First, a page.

It is gimmicky. It is too slow, too fast, too fussy, confusing, boring, angsty, overly produced or not produced enough, seemingly made for a small audience of other e-authors (and a few culture and technology students; the Electronic Literature Collection Volume 1 comes with a textbook, the ultimate kryptonite for learning to enjoy reading anything). Worst of all, it is almost impossible to not compare this form of literature to the graspable, lovely, traditional containers of printed words we call books.
But it is when I compare these two forms of literature that I will admit, through clenched teeth, that many “real” books also fall into these categories of lameness listed above. And, to throw a wrench in my whole previously held notion that e-lit is a dead-end art form, some of the e-lit pieces we read this semester really worked. I think I can explain why my opinion changed over the course of the semester; I must have learned something that changed the way I read electronic literature, how I processed it, as well as a self reflection on what it was that made me hate it.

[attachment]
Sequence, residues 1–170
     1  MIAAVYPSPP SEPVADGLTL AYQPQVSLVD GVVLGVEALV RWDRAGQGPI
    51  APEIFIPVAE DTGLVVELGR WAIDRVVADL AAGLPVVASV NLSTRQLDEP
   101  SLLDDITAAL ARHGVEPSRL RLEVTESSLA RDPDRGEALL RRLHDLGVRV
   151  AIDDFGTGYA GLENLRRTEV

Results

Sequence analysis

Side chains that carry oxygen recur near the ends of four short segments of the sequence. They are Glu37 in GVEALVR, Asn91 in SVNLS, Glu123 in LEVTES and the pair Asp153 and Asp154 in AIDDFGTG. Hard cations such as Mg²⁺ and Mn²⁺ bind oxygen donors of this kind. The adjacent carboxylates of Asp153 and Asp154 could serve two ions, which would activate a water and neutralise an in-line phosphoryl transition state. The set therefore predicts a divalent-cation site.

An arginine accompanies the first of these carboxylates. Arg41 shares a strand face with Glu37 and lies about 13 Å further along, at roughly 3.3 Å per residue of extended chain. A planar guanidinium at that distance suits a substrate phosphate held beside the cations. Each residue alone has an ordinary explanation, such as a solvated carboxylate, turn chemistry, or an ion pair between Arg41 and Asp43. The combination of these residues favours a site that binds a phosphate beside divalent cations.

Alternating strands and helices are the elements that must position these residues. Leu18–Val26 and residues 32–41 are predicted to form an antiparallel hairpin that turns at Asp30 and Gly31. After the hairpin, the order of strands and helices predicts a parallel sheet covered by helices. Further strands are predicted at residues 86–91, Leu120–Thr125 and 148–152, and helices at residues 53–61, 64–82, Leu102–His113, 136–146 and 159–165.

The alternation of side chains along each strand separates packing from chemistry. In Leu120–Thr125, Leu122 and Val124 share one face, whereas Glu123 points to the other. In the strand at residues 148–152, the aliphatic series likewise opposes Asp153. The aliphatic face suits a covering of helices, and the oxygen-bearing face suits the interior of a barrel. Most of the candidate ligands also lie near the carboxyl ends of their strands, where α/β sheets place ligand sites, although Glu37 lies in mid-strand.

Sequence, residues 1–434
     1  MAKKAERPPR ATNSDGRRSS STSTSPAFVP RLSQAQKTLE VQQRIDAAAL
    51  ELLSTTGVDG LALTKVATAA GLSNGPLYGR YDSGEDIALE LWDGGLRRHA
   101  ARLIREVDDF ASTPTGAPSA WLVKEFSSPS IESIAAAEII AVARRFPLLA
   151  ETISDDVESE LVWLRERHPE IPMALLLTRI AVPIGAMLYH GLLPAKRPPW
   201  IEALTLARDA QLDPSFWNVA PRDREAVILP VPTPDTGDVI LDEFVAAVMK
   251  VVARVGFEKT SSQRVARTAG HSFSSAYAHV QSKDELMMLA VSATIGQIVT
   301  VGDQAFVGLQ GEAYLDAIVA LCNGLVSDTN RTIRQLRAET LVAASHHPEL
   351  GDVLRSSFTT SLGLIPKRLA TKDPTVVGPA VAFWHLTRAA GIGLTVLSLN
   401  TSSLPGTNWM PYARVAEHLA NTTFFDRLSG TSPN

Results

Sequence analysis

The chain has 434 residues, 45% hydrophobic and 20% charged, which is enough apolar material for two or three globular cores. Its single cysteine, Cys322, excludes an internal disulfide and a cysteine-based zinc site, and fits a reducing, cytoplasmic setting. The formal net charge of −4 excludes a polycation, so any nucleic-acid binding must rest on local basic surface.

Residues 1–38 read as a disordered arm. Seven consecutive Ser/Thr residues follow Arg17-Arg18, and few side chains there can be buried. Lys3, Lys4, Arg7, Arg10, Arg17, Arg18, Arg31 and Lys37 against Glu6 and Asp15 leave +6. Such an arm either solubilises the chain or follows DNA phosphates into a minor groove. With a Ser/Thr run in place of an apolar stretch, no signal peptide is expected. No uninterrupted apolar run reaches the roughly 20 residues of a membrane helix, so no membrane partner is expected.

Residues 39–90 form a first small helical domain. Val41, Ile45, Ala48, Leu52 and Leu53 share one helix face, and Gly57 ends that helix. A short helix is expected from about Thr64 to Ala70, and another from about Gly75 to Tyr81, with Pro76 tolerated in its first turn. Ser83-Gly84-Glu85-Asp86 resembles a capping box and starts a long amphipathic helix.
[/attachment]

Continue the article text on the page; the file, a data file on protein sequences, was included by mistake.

The more I read it, the more I liked it. From my extremely limited knowledge of sciences and maths I would call that a positive correlation, from which I can hypothesize that I gained a literacy skill which allowed me to understand something, to really read something. This skill didn’t just change my opinion about the interactive digital format, but also about poetry and writing and words and meaning.
In conclusion, I think that although I have had issues with a lot of the e-literature that we looked at this semester, a lot if it was also amazing. I think the digital format allows for ridiculous potential to tell stories.I look forward to seeing what new pieces will be added to the Electronic Literature Collection in the future.